The XD mechanism completely cocks (preloads) the spring-charged firing pin so that the only function provided by the trigger pull is to release the sear and fire the gun. By contrast, the Glock "Safe Action" only partly preloads the firing mechanism, and the trigger pull physically completes the cocking action as well as releasing the firing pin. The XD is therefore a true "single-action" trigger design because its trigger only performs one function--releasing the firing mechanism. The Glock is a true "double-action" trigger design in that its trigger contributes to the actual cocking of the mechanism as well as releasing it.

To describe the process in detail: After the XD slide travels rearward about 3/4 inch, the spring-loaded sear "captures" a cocking lug on the firing pin, holding the pin compressed fully to the rear against the pressure of the firing pin spring when the slide travels back forward (either after a short manual retraction of the slide or after the slide's full rearward travel in the firing cycle). A pull on the trigger then moves the trigger bar and firing pin safety lever linkages forward, depressing the sear and releasing the firing pin to fire the cartridge. The XD pistol may "feel" like a DAO (double action only) mechanism, but it is not. It acts like a DAO, but it isn't, mechanically. Springfield's official term for the mechanism is Ultra Safety Assurance Action Trigger System--or "USA Action" for short.

Another unique XD design aspect is the grip safety that prevents the gun's trigger from being squeezed unless it is fully depressed. The XD grip safety also freezes the slide. If the grip safety isn't down, you can't pull the trigger, and you can't pull the slide to the rear to load an empty chamber or clear a loaded chamber. You also can't lock the slide back on an empty gun, whether the magazine is in or out. Plus, there is a separate internal firing pin block that is deactivated only when the trigger is pressed all the way rearward to the point of striker release.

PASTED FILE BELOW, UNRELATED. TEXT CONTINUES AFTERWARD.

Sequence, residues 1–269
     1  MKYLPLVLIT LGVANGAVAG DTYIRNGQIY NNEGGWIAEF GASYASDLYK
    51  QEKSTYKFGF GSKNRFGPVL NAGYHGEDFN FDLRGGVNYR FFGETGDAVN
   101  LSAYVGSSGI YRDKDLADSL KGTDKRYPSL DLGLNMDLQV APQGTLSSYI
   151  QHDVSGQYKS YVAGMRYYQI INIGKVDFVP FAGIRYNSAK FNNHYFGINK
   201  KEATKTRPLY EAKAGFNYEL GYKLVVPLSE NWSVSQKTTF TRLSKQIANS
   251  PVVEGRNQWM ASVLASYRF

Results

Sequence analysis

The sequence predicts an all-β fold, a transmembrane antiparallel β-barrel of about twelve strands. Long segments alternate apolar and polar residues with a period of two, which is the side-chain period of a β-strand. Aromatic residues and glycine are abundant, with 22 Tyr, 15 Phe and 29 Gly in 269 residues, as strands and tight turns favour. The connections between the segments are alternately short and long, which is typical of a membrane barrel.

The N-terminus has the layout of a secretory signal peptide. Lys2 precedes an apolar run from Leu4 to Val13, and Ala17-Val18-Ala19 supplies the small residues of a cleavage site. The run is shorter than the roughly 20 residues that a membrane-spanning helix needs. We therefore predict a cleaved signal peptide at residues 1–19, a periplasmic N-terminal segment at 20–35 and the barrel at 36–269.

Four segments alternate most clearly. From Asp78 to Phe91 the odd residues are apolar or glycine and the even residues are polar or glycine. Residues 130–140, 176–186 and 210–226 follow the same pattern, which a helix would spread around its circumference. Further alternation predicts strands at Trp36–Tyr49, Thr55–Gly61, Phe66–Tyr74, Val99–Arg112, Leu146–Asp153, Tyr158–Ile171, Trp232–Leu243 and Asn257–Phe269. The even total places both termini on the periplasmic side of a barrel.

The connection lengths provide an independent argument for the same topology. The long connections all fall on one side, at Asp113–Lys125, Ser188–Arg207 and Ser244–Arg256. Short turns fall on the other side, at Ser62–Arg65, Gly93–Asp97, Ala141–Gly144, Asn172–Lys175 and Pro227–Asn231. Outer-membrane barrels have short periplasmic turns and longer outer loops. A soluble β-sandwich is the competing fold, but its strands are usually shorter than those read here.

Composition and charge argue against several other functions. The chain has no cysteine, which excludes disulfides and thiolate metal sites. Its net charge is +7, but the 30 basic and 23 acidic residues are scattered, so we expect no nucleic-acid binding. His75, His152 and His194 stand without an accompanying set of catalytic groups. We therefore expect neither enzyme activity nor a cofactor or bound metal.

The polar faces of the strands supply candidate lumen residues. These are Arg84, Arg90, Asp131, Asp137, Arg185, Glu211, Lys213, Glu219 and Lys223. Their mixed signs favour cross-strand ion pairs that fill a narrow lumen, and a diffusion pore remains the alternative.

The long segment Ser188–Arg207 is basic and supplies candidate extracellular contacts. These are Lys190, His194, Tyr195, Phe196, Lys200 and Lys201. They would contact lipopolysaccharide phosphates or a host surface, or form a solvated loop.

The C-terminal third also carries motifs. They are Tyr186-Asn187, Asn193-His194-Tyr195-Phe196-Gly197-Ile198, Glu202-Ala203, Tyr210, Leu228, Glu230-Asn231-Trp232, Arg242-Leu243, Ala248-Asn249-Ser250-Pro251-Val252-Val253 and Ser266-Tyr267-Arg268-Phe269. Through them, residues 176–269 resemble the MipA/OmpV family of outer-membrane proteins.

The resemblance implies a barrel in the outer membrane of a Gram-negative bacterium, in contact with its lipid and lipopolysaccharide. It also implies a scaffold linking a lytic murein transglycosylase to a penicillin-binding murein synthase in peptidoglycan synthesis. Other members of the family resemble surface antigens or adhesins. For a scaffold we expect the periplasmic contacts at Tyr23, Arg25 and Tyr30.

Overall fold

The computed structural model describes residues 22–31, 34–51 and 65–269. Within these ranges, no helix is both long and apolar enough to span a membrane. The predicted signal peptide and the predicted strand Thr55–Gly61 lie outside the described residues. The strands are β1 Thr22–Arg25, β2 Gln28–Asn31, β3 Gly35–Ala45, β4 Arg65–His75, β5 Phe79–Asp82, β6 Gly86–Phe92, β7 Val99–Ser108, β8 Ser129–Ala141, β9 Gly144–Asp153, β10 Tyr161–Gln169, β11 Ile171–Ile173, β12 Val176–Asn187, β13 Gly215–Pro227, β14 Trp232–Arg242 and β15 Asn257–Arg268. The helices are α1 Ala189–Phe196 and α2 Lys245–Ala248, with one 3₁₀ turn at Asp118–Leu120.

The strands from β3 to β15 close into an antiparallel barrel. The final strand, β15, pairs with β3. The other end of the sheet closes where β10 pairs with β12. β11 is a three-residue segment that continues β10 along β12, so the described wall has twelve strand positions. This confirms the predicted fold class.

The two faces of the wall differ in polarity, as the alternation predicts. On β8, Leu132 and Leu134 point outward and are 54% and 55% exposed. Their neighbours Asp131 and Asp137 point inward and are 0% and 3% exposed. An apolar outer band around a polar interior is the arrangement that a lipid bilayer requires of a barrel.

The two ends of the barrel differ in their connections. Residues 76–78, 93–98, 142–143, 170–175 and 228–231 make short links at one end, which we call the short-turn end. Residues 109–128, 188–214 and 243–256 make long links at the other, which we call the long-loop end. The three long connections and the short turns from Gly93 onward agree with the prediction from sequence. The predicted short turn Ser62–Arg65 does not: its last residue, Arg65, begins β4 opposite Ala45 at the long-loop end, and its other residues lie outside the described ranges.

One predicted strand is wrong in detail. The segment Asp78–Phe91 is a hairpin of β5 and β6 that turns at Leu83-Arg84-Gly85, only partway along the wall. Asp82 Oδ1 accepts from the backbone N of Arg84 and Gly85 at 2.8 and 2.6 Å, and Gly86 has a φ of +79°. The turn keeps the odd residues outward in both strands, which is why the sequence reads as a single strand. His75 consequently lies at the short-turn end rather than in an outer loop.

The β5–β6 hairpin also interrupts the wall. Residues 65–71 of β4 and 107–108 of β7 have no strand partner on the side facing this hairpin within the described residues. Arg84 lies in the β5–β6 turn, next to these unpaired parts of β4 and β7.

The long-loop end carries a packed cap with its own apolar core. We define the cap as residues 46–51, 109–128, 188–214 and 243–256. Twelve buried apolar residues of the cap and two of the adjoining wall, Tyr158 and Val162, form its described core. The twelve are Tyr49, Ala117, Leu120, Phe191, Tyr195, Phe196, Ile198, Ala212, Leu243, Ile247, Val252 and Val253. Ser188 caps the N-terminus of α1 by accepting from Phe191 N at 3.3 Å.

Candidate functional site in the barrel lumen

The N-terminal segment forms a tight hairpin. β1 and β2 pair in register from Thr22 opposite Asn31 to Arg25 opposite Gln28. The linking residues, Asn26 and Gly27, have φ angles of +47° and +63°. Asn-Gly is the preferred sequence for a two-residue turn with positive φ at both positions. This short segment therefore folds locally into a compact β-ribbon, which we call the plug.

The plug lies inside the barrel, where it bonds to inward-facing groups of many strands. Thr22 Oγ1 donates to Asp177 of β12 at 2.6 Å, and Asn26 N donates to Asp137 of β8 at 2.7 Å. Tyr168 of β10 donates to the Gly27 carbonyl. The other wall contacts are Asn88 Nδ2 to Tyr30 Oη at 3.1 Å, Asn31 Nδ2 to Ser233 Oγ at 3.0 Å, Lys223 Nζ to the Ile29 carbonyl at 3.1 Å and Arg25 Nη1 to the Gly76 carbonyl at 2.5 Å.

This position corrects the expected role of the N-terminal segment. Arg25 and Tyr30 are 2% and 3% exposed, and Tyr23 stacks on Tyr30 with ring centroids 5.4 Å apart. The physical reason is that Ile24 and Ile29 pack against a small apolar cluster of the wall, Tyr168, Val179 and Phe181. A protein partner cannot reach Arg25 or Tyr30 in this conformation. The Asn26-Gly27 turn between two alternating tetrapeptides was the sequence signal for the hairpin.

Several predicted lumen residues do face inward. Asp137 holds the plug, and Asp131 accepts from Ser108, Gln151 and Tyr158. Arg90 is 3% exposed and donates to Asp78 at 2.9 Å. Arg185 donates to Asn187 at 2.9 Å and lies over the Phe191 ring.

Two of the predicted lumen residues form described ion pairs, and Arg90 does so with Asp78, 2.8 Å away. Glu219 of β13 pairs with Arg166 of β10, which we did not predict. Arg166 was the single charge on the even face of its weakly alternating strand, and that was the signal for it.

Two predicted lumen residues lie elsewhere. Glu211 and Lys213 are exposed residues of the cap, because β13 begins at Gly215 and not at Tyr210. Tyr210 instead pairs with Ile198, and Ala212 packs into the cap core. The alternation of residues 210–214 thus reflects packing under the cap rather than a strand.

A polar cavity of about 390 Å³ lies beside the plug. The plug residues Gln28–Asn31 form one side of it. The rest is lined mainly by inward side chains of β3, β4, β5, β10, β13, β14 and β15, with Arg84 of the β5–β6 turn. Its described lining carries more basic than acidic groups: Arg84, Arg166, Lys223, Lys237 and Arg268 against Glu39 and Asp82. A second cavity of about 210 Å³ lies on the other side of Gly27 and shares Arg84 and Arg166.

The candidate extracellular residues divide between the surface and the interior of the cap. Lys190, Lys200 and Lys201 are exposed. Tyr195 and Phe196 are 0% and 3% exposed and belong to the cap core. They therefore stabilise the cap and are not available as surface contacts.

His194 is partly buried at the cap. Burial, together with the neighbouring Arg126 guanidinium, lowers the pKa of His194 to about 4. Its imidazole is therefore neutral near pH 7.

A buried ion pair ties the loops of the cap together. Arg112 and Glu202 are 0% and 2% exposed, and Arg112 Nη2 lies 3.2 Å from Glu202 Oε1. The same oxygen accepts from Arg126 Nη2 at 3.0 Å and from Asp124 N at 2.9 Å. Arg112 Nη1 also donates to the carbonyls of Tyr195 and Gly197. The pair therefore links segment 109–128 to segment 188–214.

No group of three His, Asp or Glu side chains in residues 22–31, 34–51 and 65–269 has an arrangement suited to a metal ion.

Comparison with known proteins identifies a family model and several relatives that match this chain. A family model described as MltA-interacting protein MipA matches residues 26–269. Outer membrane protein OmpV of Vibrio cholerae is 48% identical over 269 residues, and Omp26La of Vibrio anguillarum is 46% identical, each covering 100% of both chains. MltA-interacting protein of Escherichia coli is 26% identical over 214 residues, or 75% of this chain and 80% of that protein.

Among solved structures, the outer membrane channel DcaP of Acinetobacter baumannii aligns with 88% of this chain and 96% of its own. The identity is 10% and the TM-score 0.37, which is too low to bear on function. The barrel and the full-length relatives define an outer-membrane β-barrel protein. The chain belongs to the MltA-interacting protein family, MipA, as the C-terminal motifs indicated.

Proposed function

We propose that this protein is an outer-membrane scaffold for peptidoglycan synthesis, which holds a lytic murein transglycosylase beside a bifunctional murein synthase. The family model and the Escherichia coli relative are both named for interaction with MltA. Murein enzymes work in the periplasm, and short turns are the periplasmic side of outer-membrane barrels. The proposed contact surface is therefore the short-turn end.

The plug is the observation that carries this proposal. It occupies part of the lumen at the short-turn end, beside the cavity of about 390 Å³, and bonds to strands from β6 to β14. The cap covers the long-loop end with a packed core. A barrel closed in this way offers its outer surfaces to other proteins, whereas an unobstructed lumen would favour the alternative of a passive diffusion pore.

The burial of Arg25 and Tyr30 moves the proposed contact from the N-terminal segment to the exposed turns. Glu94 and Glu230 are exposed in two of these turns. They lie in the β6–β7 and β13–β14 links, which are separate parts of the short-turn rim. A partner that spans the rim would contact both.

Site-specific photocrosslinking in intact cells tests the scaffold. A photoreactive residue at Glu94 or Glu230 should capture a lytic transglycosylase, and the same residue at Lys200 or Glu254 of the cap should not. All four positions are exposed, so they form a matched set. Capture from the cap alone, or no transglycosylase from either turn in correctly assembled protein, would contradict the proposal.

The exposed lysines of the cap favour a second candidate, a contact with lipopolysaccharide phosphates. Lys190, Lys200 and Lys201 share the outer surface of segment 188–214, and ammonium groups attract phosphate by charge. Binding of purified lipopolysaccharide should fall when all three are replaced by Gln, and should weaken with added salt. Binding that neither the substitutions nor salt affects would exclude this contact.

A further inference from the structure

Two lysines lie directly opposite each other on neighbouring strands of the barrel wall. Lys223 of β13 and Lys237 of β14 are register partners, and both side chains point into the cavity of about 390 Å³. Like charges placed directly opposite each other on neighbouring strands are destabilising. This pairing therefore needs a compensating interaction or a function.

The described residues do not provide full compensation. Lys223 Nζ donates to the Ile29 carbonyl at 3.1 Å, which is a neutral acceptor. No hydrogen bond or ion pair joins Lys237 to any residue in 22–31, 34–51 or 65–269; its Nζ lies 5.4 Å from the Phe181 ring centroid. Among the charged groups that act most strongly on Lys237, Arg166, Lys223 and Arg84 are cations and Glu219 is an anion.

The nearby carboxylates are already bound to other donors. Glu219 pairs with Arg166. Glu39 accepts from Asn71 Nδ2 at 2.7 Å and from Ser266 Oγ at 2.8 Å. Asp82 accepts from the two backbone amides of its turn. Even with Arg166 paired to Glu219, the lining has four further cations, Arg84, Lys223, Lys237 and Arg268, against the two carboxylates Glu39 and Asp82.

Now, go to the local gun store and fit one to your likings and get it....

Good Luck....
 

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I am also looking to get my first .45 as soon as I get my Mini Cougar out of layaway. Decided I had to have a used one I found to go along with my 92FS. I really like the XD45 Tactical but the full size M&P will probably get the nod.
 

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Easy answer: Get a quality 1911.



Better answer: You are going to have to try a bunch of pistols and then make your choice.

Personally, I choose a Kimber 1911. Mine has around 5,000 rounds through it without a problem (that wasn't magazine related). IMO, magazines are the weakest link in the 1911 platform. Most production 1911 magazines are junk. You are going to have to spend some money on good mags (I use Wilson 47Ds).

Glocks and XDs are fine guns, they just don't stir the soul like a 1911. If I had to depend on a pistol to daily defend my life, I would probably get a Glock. They are tough and reliable. But, since the most threatening thing I'm liable to face is an angry piece of paper, I shoot a 1911 for my semi-auto pleasure.

One other option to consider, a revolver. They will feed ammo that would choke any semi and look good doing it. S&W 625 and a bunch of moon clips will probably serve your needs as well as any semi-auto.
 

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Glock, XD, or M&P for practicality and bottomless magazines. Well, sort of. I assume you're in a place where there's no asinine cap on magazine capacity. Don't fear double-stacks. The problems, if any, tend to come from artificially-shortened 10-rounders...otherwise, a good-quality double-stack is just as good as a single. Just make sure and buy OEM mags instead of sketchy ones like ProMag or USA. Mec-Gar actually makes magazines for a lot of gun companies, which is why SIG magazines say "Made in Italy"...their stuff is good. As John1911 says, 1911 magazines are a bit of a minefield.